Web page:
Wildlife groups go duck hunting - to save a duck

Steve Connor on an attempt to cut the numbers of a flighty US visitor; 'Shooting will be the preferred option'
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The Independent Online
War was declared yesterday on the ruddy duck, an American immigrant that is endangering the ducks of Europe - by being overly amorous.

Conservation groups, including the Royal Society for the Protection of Birds, have approved a plan to shoot ruddy ducks in their British breeding grounds in an attempt to protect white-headed ducks in Spain.

The problem is, scientists say, that male ruddy ducks can breed with white-headed ducks and produce fertile hybrids.

And the growth in the number of hybrids threatens to make the white- headed duck extinct.

''Almost certainly shooting will be the preferred option'' said Chris Hubbard, an RSPB member of the UK Ruddy Duck Working Group, which has approved the culling plan.

Ruddy ducks, first introduced into Britain from the US, have grown in numbers to about 3,500 since first nestings in the wild in the early 1960s.Now the population is going up by 10 per cent a year. The bird has also found its way into 20 other European countries and is found as far away as the Ukraine and Iceland.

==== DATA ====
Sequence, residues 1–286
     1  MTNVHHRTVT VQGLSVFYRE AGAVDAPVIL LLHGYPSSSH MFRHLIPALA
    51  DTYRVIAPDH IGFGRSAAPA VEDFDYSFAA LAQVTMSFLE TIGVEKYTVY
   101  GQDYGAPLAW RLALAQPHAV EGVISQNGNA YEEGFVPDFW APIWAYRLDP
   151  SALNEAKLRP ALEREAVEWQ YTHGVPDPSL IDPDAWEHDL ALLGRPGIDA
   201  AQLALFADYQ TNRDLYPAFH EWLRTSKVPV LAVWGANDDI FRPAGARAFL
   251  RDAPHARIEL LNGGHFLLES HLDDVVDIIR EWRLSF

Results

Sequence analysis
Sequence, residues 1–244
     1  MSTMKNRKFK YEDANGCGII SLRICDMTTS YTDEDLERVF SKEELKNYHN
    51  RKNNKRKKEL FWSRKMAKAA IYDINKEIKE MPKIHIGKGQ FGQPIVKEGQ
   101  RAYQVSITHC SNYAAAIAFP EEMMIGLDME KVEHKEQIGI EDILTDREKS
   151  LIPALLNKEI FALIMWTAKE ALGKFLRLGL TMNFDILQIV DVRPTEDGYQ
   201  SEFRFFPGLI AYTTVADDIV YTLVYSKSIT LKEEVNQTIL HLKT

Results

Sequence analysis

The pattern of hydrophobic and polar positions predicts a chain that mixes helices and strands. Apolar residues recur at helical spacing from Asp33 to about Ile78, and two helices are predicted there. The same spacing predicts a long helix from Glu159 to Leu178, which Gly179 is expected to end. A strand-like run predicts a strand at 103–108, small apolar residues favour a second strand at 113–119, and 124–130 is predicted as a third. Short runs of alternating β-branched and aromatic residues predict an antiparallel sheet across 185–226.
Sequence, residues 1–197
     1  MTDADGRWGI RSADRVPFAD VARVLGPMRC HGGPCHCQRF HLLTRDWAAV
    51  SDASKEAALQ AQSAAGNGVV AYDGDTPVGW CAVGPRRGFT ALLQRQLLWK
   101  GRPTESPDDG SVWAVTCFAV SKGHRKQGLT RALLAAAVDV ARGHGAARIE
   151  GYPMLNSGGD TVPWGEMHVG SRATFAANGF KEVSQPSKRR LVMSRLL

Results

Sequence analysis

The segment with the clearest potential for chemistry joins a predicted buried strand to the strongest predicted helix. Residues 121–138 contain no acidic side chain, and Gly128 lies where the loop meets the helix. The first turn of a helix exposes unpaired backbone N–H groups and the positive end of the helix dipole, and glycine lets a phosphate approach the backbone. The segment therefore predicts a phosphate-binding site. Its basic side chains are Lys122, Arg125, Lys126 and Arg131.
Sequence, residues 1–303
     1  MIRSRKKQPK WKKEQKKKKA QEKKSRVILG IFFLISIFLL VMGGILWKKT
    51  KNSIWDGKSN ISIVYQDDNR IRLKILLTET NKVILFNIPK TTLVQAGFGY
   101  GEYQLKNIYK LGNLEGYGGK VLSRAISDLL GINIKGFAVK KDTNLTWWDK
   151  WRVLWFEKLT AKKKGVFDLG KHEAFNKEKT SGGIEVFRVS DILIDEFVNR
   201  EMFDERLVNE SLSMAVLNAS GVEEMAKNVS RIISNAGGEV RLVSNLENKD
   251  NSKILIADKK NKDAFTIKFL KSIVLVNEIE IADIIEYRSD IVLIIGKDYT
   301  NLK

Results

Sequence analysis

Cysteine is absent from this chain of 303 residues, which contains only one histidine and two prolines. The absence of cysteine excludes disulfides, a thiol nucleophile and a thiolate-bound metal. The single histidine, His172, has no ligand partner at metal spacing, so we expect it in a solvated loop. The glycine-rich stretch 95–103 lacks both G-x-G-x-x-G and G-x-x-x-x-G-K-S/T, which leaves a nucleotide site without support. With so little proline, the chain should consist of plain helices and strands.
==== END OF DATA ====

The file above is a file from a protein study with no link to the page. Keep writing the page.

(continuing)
But it is its amorous activities in Spain which have caused the greatest problems as it mixes with Western Europe's most important breeding population of white-headed ducks. Conservationists discovered the first hybrids in 1991 and, thanks to the " highly aggressive" American immigrant, numbers have increased every year since.

According to the working group, the ruddy duck, along with its hybrids, dominates other waterfowl within a breeding site. ''A strategy of waiting to see what happens could result in the extinction of the white-headed duck,'' it says.

Mr Hubbard said marksmen will be recruited to shoot ruddy ducks during the breeding season whenthey congregate and present the best targets. He said that some people may object to conservation groups such as the RSPB, the Nature Conservation Committee and the Wildfowl and Wetlands Trust deliberately killing wild creatures.

But the ruddy duck had spread very rapidly, "and we have a responsibility for international conservation. There are 600,000 ruddy ducks in the US - and that is where they ought to be''.

More work along these lines is yet to come for scientists: the Arctic char, an ice-age fish that has lived in Scottish lochs for millenia, is mixing with Arctic char that have escaped from fish farms; and the Scottish wildcat is known to be interbreeding with domestic cats.